If there was a specification change that you want to test, you usually need to test more than one thing to verify that it is implemented correctly. Further bugs can be found by enumerating and testing interesting cases, including edge cases and error cases. See Making a Testing Plan for a walkthrough on how to decide what to test (and what not to test).

If the spec change was to remove a feature, then remove tests that expect that feature to exist, but also add a “negative” test that verifies that the feature is not supported. For example, custom-elements/historical.html tests that the v0 API of custom elements is not supported.

When you have some tests, you can submit them in a pull request.

The website shows test results for all tests in web-platform-tests in multiple browsers. Once your tests are accepted, they be included in the trials run for, so you can visit that site to see how the very latest release of every major browser is performing. It’s a great way to track the effect of your work on the web platform!

See example WPT pull request.

Report bugs for browser engines

When the test or spec change is merged, or ready to be merged, it’s time to report bugs on browser engines that need to be updated.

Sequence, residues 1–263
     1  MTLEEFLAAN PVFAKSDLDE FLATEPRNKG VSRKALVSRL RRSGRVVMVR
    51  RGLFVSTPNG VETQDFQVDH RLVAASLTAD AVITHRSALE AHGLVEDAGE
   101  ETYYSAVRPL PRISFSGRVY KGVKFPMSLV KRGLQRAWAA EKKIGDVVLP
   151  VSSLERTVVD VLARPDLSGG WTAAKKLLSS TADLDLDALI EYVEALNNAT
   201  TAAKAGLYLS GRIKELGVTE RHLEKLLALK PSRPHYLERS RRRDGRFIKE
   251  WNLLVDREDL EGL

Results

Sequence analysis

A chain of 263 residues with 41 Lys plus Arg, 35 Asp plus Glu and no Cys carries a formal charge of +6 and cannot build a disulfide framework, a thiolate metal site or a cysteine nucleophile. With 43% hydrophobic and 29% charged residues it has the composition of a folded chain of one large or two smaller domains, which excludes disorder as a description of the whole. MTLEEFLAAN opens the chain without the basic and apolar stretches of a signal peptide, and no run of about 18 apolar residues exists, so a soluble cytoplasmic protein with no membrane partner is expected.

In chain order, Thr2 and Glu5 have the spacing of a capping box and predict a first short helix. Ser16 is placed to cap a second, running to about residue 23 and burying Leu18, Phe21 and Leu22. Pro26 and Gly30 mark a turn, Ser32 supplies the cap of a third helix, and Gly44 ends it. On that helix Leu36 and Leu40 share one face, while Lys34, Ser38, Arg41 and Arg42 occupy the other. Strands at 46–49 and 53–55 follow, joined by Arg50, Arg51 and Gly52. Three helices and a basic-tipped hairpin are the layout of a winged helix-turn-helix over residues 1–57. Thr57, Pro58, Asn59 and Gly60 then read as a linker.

But before reporting new bugs, search the bug trackers to see if a bug already exists. If it does, you can add a comment to it with any new information. Finding who to talk to contains tips on how to search for specific bugs. If you can’t find a bug, report a new one!

In the bug report, say what the bug is, and what the expected behavior is. Link to the spec change pull request, if there is one, or to the relevant part of the spec. Link to the web-platform-tests pull request with the new tests, or to the results page for the relevant test. See example bug.

When the bugs are reported, you can link to them in the pull request for the specification, so that it can be followed up later.

If you’ve reached this point, you have done the heavy lifting towards fixing the bug! The situation for the bug is now much clearer for browser engine implementers, so they can more easily evaluate and prioritize fixing the bug.